This 1 Bank Stock Hasn’t Missed a Dividend in 192 Years

The Bank of Montreal stock hasn’t missed paying dividends since 1829. Its 192-year track record makes it the most investor-friendly stock on the TSX.

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Is it true that a Canadian bank stock is the most investor-friendly on the TSX? If the dividend sequence is the basis, the Bank of Montreal (TSX:BMO)(NYSE:BMO) deserves to wear the crown. The fourth-largest bank in Canada was established in 1817. Before the Bank of Canada’s formation in 1835, BMO was the concurrent central bank in the country.

Canada’s oldest incorporated bank started paying dividends in 1829. The dividend track record is now 192 years. BMO is also the first to expand outside the home country. The bank began operating through business associations with banks in Boston, New York, and London in 1818.

Rapid growth

BMO grew rapidly, particularly in the post-Confederation era when Canada’s foreign trade was booming. Its lending business then was skewed toward industrial, lumber, and railway companies. About 42 years later, in 1859, the first permanent BMO branch opened in New York. The branch in London, England, followed in 1870.

In the 1880s, when Canadian Pacific Railway was built, BMO was its primary funding source. The bank was also the seller of federal government-issued railway bonds. By 1890, BMO’s investment banking operation was in full throttle and issuing corporate bonds aside from government bonds.

Since the Canadian banking industry grew in size and importance, it became necessary to open a clearing centre for business conducted between banks. Thus, BMO joined other banks to form the Canadian Bankers Association in 1891.

Survived three important historical events

I will not dwell on the details, but BMO survived three successive economic catastrophes – World War I, the Great Depression, and World War II. After enduring the historical events, BMO’s growth was unstoppable. It was the first chartered bank to extend mortgage and business loans in 1954.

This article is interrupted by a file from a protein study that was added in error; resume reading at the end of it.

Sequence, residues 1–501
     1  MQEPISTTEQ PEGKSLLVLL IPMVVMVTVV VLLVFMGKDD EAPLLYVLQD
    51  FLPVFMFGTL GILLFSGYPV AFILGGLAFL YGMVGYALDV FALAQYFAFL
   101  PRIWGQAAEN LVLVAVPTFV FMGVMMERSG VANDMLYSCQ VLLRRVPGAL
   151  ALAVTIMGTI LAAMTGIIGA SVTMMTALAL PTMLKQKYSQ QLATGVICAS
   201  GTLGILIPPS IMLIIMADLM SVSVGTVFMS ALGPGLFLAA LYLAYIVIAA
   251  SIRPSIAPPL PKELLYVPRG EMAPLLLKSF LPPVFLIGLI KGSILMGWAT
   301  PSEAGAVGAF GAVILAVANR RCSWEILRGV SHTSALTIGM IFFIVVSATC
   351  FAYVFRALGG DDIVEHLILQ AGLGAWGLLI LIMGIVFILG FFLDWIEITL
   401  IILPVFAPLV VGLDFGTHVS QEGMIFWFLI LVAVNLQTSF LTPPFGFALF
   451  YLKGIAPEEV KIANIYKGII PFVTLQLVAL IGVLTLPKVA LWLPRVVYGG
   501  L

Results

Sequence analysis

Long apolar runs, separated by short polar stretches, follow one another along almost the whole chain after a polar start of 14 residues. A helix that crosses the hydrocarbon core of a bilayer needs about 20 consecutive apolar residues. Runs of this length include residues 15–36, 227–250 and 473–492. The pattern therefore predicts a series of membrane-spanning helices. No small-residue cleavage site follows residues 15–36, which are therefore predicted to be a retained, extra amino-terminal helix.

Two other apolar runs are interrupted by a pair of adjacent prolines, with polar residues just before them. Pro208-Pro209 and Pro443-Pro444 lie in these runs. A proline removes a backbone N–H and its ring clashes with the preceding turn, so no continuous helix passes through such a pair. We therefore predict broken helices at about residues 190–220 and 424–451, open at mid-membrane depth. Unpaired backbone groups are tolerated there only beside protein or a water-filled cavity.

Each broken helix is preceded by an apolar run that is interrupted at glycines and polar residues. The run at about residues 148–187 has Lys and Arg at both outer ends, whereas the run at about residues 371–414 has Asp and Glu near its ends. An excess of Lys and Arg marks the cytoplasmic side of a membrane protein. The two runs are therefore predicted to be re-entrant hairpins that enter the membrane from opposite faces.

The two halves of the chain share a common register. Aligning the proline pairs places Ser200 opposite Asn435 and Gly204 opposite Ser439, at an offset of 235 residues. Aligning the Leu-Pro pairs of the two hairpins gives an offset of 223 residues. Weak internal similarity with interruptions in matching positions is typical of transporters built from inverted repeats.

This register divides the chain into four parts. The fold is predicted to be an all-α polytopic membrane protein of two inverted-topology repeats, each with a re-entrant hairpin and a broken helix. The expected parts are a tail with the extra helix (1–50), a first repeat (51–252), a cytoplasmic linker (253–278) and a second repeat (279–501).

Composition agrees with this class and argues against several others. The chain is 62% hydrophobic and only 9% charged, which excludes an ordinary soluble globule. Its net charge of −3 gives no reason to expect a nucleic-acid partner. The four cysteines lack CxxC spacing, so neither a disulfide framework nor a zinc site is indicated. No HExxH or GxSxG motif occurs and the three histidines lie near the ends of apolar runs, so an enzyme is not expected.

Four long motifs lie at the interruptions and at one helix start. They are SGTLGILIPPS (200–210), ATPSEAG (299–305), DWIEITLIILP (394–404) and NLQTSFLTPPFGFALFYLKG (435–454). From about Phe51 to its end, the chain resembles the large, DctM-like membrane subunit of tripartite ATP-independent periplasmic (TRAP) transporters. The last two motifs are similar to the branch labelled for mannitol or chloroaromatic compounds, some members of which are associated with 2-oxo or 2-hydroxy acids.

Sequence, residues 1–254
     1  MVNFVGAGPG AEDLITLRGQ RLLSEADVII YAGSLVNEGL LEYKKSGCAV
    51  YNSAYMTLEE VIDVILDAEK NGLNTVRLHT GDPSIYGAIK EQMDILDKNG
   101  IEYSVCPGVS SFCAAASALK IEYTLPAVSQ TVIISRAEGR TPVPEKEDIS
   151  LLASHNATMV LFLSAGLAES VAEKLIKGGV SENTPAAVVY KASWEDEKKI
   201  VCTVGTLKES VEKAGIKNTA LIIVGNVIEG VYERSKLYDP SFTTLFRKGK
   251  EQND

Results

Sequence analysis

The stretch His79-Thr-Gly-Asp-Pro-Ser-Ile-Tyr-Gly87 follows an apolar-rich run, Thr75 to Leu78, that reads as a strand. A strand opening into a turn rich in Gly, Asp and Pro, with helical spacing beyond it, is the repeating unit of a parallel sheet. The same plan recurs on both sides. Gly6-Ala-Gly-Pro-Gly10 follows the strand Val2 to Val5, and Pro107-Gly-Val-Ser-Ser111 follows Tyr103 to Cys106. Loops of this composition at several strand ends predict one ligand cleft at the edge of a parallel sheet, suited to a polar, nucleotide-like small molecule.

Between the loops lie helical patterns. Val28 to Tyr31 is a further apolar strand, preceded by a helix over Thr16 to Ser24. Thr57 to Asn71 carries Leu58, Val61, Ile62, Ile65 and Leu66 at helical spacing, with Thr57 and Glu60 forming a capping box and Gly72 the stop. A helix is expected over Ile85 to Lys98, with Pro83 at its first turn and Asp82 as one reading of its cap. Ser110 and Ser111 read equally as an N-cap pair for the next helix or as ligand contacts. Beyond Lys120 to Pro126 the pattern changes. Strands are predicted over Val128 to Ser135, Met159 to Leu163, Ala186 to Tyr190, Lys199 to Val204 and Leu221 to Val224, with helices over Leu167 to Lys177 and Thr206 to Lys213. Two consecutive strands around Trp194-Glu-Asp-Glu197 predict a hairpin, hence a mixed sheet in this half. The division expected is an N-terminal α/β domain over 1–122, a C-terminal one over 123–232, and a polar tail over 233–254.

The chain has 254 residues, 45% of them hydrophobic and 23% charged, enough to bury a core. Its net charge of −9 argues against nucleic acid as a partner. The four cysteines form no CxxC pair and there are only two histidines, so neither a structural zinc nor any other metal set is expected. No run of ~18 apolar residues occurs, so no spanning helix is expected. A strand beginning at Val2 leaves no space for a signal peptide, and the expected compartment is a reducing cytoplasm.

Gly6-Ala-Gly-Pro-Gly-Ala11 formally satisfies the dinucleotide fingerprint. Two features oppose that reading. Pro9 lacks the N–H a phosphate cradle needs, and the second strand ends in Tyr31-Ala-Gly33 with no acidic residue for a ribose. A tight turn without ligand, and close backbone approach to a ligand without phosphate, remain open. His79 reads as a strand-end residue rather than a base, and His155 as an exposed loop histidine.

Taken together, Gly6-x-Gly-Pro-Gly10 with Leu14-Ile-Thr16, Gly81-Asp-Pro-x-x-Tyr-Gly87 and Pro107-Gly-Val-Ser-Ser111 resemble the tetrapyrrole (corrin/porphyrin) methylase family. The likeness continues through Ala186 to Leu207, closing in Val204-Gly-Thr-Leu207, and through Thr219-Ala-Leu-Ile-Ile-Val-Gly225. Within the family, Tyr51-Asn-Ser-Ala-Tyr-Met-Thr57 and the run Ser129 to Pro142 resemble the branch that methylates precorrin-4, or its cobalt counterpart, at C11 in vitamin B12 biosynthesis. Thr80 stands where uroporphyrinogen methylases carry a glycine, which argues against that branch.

Scrapped mergers

By 1963, BMO had a data-processing department to cope with the growth in consumer assets or loans. In 1988, BMO and the Royal Bank of Canada announced merger plans. The Toronto-Dominion Bank and the Canadian Imperial Bank of Commerce likewise intended to merge.

However, the federal government believed such mergers will result in fewer, larger banks and will not serve the country’s best interest. Thus, both mergers didn’t materialize. Today, the four banks and the Bank of Nova Scotia form the distinguished Big Five Banks in Canada.

BMO owns the most extended dividend track record, but all five banks have been paying dividends for more than 100 years. Global economies envy Canada’s robust banking system. The country is a world-class banking hub, no less due to a streamlined business model, prudent lending parameters, and a modern regulatory system.

Walking tall

Fast forward to 2021 and we see the BMO Financial Group walking tall in the COVID-19 environment. In Q1 fiscal 2021 (quarter ended January 31, 2021), the group reported revenue and net income growth of 3.4% and 26.7% versus Q1 fiscal 2020. The bank’s provision for credit losses (PCL) went down 55.3% to $156 million.

Regarding year-to-date stock performance, BMO investors are up 24.2%. At $117.84 per share, the dividend offer is a decent 3.16%. The blue-chip bank stock is best for Canadians saving for the future or building retirement wealth. Buy it now and own it forever.

This article represents the opinion of the writer, who may disagree with the “official” recommendation position of a Motley Fool premium service or advisor. We’re Motley! Questioning an investing thesis — even one of our own — helps us all think critically about investing and make decisions that help us become smarter, happier, and richer, so we sometimes publish articles that may not be in line with recommendations, rankings or other content.

Fool contributor Christopher Liew has no position in any of the stocks mentioned. The Motley Fool recommends BANK OF NOVA SCOTIA.

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